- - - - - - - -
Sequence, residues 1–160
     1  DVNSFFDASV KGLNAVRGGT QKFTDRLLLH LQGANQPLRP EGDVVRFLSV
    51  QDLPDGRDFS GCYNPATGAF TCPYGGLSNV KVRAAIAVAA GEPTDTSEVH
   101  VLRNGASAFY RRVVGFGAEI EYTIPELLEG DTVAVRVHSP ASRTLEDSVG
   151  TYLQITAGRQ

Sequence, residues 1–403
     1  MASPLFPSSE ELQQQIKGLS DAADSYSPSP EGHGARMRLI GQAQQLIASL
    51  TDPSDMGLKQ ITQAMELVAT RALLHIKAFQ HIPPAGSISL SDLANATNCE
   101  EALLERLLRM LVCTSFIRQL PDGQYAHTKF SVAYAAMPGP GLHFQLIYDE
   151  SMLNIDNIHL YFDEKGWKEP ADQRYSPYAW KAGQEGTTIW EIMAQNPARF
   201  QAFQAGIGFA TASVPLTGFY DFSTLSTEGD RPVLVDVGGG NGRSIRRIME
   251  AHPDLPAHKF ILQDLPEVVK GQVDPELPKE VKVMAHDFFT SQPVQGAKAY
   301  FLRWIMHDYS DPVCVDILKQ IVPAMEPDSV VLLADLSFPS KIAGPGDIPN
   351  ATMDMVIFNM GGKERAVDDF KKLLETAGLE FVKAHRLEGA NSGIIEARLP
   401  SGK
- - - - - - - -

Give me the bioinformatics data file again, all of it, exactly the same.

Sequence, residues 1–160
     1  DVNSFFDASV KGLNAVRGGT QKFTDRLLLH LQGANQPLRP EGDVVRFLSV
    51  QDLPDGRDFS GCYNPATGAF TCPYGGLSNV KVRAAIAVAA GEPTDTSEVH
   101  VLRNGASAFY RRVVGFGAEI EYTIPELLEG DTVAVRVHSP ASRTLEDSVG
   151  TYLQITAGRQ

Sequence, residues 1–403
     1  MASPLFPSSE ELQQQIKGLS DAADSYSPSP EGHGARMRLI GQAQQLIASL
    51  TDPSDMGLKQ ITQAMELVAT RALLHIKAFQ HIPPAGSISL SDLANATNCE
   101  EALLERLLRM LVCTSFIRQL PDGQYAHTKF SVAYAAMPGP GLHFQLIYDE
   151  SMLNIDNIHL YFDEKGWKEP ADQRYSPYAW KAGQEGTTIW EIMAQNPARF
   201  QAFQAGIGFA TASVPLTGFY DFSTLSTEGD RPVLVDVGGG NGRSIRRIME
   251  AHPDLPAHKF ILQDLPEVVK GQVDPELPKE VKVMAHDFFT SQPVQGAKAY
   301  FLRWIMHDYS DPVCVDILKQ IVPAMEPDSV VLLADLSFPS KIAGPGDIPN
   351  ATMDMVIFNM GGKERAVDDF KKLLETAGLE FVKAHRLEGA NSGIIEARLP
   401  SGK